The netting 46 connecting together the vertical poles may be of various preselected dimensions. However, in the present preferred embodiment, the length of netting 54 between vertical poles 34 and 35 is preferably twelve feet long and ten and one half feet high. However, it is understood that various other dimensions of both length and height are readily usable in practicing the present invention. Even netting six feet high would significantly stop most of the errant basketballs. Similarly, the netting 56 between pole 35 and 36 may be twelve feet long and of the same height as netting 54. However, it is understood that although it is presently preferred that all of the sections of the netting be of the same height, within the spirit and scope of the present invention, the height as well as the length of different sections of netting could vary. The section of netting 58 between poles 36 and 37 is preferably fourteen feet long and preferably of the same height as the other sections of netting, but again this may vary within the scope of the present invention.
The netting sections 54, 56 and 58 may be connected to the vertical poles by any suitable means. However, in the presently preferred embodiment, as best illustrated in FIG. 2, the netting may be connected to the vertical poles by means of springs. As illustrated in FIG. 2, netting 54 is preferably provided with an edge, border or flap 60 which is provided with grommets 62. Springs 64 are utilized to connect the grommets 62 to eye-bolts 66 or other suitable fastening means on the vertical poles. As illustrated in FIGS. 1 and 2, and particularly FIG. 2, each section making up a vertical pole is preferably provided with three spring connections to the net, thereby provided six spring retaining means along each edge of the net. However, it is understood that a greater or lesser number of springs 64 may be utilized to connect each edge of the netting to a vertical pole. Further, various other means may be utilized to fasten the netting to the poles, but in the presently preferred embodiment, suitable two inch springs are presently preferred as they will provide some tension in the net both to prevent the net from sagging and also to provide a rebound effect when a basketball hits the net.
In using the basketball safety return apparatus 10 of the present invention, the apparatus may be readily stored since its component parts may be readily disassembled and reassembled. For storage, the pipe sections 38 and 40 of each pole may be readily taken apart, such as by sliding the upper section 38 out of the union 44. The netting may be readily detached from the vertical poles when taking the netting down and may be readily attached to it when putting the netting up. For storage, the netting may be folded and wrapped into compact units. The supporting bases 24 though 27 may be readily stored. For ease of movement, the bases may be emptied of their ballast, particularly if water is utilized as the ballast, since this may be emptied substantially anywhere on the ground and readily re-filled.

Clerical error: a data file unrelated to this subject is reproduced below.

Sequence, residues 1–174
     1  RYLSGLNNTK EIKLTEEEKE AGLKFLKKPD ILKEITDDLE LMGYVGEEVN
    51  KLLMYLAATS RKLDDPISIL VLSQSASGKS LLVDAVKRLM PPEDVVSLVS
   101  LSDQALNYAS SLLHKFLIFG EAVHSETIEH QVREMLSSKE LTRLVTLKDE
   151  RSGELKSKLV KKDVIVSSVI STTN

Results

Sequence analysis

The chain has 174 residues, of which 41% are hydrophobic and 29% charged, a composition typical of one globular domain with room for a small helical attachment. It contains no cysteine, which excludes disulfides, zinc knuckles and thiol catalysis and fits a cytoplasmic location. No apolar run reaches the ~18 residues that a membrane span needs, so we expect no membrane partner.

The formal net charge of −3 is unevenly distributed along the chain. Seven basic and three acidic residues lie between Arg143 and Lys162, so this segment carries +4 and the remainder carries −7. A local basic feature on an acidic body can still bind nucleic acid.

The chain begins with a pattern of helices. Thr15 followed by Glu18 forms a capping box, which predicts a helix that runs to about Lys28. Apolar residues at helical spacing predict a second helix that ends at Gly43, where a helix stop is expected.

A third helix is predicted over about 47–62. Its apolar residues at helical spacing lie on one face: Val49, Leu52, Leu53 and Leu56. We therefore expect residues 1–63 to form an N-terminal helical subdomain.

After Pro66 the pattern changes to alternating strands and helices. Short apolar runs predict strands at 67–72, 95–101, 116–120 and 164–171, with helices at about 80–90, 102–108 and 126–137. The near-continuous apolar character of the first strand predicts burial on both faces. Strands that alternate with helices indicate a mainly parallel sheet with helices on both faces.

In assembling and utilizing the basketball safety return apparatus 10 of the present invention, it may be configured in various configurations. Preferably at least one section of it would be behind the basketball hoop and backboard and the remaining sections positioned to prevent the basketball from going in unwanted directions, such as down an incline to the street.
In view of the above, the present invention may be embodied in other specific forms without departing from the spirit or essential attributes thereof and, accordingly, reference should be made to the appended claims, rather than to the foregoing specification as indicating the scope of the invention.
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|U.S. Classification||473/472, 256/47, 160/135, 273/410, 160/351, 472/94, 256/45|
|International Classification||A63B71/02, A63B69/00|
|Cooperative Classification||A63B69/0071, A63B71/023, A63B2208/12|
|Jun 13, 1995||CC||Certificate of correction|
|Jun 10, 1997||PA||Patent available for license or sale|
|Jul 8, 1997||PA||Patent available for license or sale|
|Aug 12, 1997||PA||Patent available for license or sale|
|Jul 28, 1998||FPAY||Fee payment|
Year of fee payment: 4
|Aug 26, 2002||FPAY||Fee payment|
Year of fee payment: 8
|Oct 19, 2006||REMI||Maintenance fee reminder mailed|
|Apr 4, 2007||LAPS||Lapse for failure to pay maintenance fees|
|May 29, 2007||FP||Expired due to failure to pay maintenance fee|
Effective date: 20070404